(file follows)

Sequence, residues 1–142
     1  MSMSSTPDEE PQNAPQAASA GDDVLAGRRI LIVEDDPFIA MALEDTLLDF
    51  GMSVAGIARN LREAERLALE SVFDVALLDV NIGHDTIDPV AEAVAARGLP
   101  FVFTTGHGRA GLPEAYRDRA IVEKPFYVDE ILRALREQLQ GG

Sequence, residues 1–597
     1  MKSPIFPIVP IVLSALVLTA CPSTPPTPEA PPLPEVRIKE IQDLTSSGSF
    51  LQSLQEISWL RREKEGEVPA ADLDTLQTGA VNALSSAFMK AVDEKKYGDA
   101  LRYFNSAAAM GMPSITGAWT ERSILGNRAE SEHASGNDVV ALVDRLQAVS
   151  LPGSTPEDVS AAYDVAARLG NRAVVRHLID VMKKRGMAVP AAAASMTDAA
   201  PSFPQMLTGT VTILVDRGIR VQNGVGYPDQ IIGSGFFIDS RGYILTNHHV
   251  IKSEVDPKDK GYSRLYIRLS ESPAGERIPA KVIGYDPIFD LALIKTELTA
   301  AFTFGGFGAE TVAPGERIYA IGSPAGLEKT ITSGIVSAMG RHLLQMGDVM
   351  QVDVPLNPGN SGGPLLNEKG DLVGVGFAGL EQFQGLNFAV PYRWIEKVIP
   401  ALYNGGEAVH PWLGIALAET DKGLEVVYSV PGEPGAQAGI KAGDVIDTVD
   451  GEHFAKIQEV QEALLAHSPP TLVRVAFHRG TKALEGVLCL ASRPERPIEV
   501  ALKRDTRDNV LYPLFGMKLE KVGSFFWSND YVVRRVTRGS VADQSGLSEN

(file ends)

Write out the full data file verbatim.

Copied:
Sequence, residues 1–142
     1  MSMSSTPDEE PQNAPQAASA GDDVLAGRRI LIVEDDPFIA MALEDTLLDF
    51  GMSVAGIARN LREAERLALE SVFDVALLDV NIGHDTIDPV AEAVAARGLP
   101  FVFTTGHGRA GLPEAYRDRA IVEKPFYVDE ILRALREQLQ GG

Sequence, residues 1–597
     1  MKSPIFPIVP IVLSALVLTA CPSTPPTPEA PPLPEVRIKE IQDLTSSGSF
    51  LQSLQEISWL RREKEGEVPA ADLDTLQTGA VNALSSAFMK AVDEKKYGDA
   101  LRYFNSAAAM GMPSITGAWT ERSILGNRAE SEHASGNDVV ALVDRLQAVS
   151  LPGSTPEDVS AAYDVAARLG NRAVVRHLID VMKKRGMAVP AAAASMTDAA
   201  PSFPQMLTGT VTILVDRGIR VQNGVGYPDQ IIGSGFFIDS RGYILTNHHV
   251  IKSEVDPKDK GYSRLYIRLS ESPAGERIPA KVIGYDPIFD LALIKTELTA
   301  AFTFGGFGAE TVAPGERIYA IGSPAGLEKT ITSGIVSAMG RHLLQMGDVM
   351  QVDVPLNPGN SGGPLLNEKG DLVGVGFAGL EQFQGLNFAV PYRWIEKVIP
   401  ALYNGGEAVH PWLGIALAET DKGLEVVYSV PGEPGAQAGI KAGDVIDTVD
   451  GEHFAKIQEV QEALLAHSPP TLVRVAFHRG TKALEGVLCL ASRPERPIEV
   501  ALKRDTRDNV LYPLFGMKLE KVGSFFWSND YVVRRVTRGS VADQSGLSEN